- If the reactions vary by the amount of violence shown (and, I'm assuming, the less violence = the less aggression toward women), does that mean that standard non-violent porn really isn't that big of problem?
- What criteria are being used to separate violent porn and regular porn?
I'd like to second what Maggie says - conflating sexually violent imagery with pornography is a classic position taken by those who seek to suppress porn. Similarly you don't indicate if the "violence" was consensual BDSM play or non consensual (as can be found on TV most weeknights under the cover of police procedurals).
I'd like to know more and if you're interested have a joint interview with one of our columnists (we have several PhD's writing for us who I know would be happy to argue that access porn actually reduces violence overall)
Getting back to the data - how do you factor the propensity of subjects to give the politically correct answer in this subject area? We know from studies of credit card usage that some of the biggest porn consumers are also in areas where the anti-porn lobby is strongest (aka red states). How do you get real data on porn use to compare to crime stats. How do you control for other factors like the overall crime rate? Drug use?
John Pettitt's claim about red state porn consumption was critiqued in multiple places, including on science blogs--the study shows credit card returns from one online processor. Existence of free porn and unknown consumption preferences between states make his claim untenable.
The entire investigation is based on a false premise. Pornography is not a genre; itâs an accusation and a business model.
Labeling a work as âpornographyâ allows the work to be marginalize, socially and economically. Accepting or even celebrating this label means running a business that accepts the realities of this marginalization: poor access to markets, legally marginalized distribution, preposterously low wholesale price points, second-class citizen treatment in the media, government censorship, etc. (Producers and publishers who wish to participate in the market broadly label their work non-pornographic, such as the above commenters' description of his CarnalNation project, or our own âerotic documentary.)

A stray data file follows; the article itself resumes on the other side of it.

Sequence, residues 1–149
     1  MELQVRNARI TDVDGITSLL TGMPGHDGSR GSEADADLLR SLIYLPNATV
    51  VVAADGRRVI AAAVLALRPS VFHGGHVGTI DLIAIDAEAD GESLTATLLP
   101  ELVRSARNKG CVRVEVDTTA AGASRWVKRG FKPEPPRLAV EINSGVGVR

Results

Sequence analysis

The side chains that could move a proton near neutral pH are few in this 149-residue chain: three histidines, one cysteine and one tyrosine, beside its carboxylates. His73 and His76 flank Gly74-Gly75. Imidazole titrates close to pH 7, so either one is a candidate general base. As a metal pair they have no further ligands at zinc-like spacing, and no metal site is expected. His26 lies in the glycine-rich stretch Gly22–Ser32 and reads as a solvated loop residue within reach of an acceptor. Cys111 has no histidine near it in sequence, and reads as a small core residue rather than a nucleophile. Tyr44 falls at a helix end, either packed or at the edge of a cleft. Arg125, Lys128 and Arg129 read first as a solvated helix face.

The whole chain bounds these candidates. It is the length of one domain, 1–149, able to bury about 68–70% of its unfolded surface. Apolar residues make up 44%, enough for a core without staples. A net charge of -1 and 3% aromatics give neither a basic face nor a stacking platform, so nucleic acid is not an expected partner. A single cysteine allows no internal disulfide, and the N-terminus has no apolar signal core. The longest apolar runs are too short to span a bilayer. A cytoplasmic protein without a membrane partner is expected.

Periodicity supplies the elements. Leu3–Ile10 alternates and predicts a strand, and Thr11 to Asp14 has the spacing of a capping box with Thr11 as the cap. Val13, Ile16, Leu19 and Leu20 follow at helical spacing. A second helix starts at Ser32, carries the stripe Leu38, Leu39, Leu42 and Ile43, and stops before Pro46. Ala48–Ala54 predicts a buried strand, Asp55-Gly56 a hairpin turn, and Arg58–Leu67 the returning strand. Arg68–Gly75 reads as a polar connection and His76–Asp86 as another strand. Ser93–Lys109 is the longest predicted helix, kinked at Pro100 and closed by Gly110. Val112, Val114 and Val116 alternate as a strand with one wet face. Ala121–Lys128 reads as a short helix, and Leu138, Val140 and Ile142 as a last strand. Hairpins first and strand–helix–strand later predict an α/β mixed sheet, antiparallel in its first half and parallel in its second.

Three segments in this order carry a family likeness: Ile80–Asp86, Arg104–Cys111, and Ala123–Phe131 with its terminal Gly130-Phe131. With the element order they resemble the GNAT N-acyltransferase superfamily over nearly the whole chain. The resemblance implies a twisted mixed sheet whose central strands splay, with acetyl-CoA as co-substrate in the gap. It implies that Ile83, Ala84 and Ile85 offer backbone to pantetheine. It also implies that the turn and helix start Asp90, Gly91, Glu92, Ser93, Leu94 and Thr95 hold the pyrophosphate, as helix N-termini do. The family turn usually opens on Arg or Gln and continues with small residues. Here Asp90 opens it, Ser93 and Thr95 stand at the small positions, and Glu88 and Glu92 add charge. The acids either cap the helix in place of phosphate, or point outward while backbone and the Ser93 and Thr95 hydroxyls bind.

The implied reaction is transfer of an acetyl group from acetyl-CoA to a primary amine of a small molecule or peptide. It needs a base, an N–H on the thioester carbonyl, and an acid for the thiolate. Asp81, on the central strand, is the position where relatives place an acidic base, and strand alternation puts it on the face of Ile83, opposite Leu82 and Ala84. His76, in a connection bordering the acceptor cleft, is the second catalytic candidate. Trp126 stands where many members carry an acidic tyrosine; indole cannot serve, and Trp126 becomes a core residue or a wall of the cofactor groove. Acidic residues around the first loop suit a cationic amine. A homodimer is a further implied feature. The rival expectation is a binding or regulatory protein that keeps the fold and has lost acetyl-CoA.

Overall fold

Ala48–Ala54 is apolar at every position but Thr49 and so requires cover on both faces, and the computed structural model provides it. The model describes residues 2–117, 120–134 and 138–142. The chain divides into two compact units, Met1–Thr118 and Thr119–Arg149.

Once the argument over content stops, and the question of âpornographyâ is parsed from a legal and economic point of view, investigations like this ons can be seen for what for what is really is, an attempt to further justify the legal, social, and most of all, economic marginalization of sexual expression. It creates an ill-defined and ultimately false and tautological class âpornographyâ and then layers on top of that dubious assertions about the effect of viewing material drawn from within this class. If her assertions gain currency, then the label âpornographyâ can be used to marginalize whatever work to which it can be successfully attached.
Seconding Chris, the study Pettitt cites was dubious at best. In fact, CarnalNation ran my critique of Benjamin Edelman's study. I'm surprised to see him referring to it here.
I have read the article below
The Effects of Rape Myth Pornography on Women's
Attitudes and the Mediating Role of
Sex Role Stereotyping
Suzin E. Mayerson
University of Maryland
Dalmas A. Taylor
Wayne State University
This study tested several hypotheses regarding (1) the effects of reading pornography
on women's self-esteem and attitudes about rape and interpersonal
violence and (2) how these effects were mediated by subject's degree of sex
role stereotyping (SRS). Women high and low in SRS read one of three sexually
explicit stories portraying different combinations of a woman's consent
(or no consenO and arousal (or no arousaO to forceful sexual activity.
As predicted, all stories had some effect on attitudes. Differences attributable
to the Consent and Arousal manipulations were minimal, but generally
in the expected direction. Compared to not reading a story, reading any story
generally led to changes in self-esteem and greater acceptance of rape myths
and interpersonal violence. Also as predicted, high, compared to low, SRS
subjects generally reported lower self-esteem and more tolerance of rape and
other violence. Differences were also found in perceptions of sexual situations.
Significant SRS by story interactions and other results related to the
hypotheses are also discussed.
I was pleased to stumble upon this blog, especially as a cited author. Some excellent points have been made here, and I am glad to see intelligent discussion happening 25 years after I worked on that research. One thing I want to mention is that "pornography" of any kind is very difficult to study. It is complex, and as Ms.Broendel points out, dependent on context. As a member of my master's thesis oral exam committee said during my defense, "She is not here to define pornography." I have always been grateful for that, partly because it was true. I was only studying a small part of the topic. I would like to stay in touch with people who find this topic of interest, so I'm posting this comment.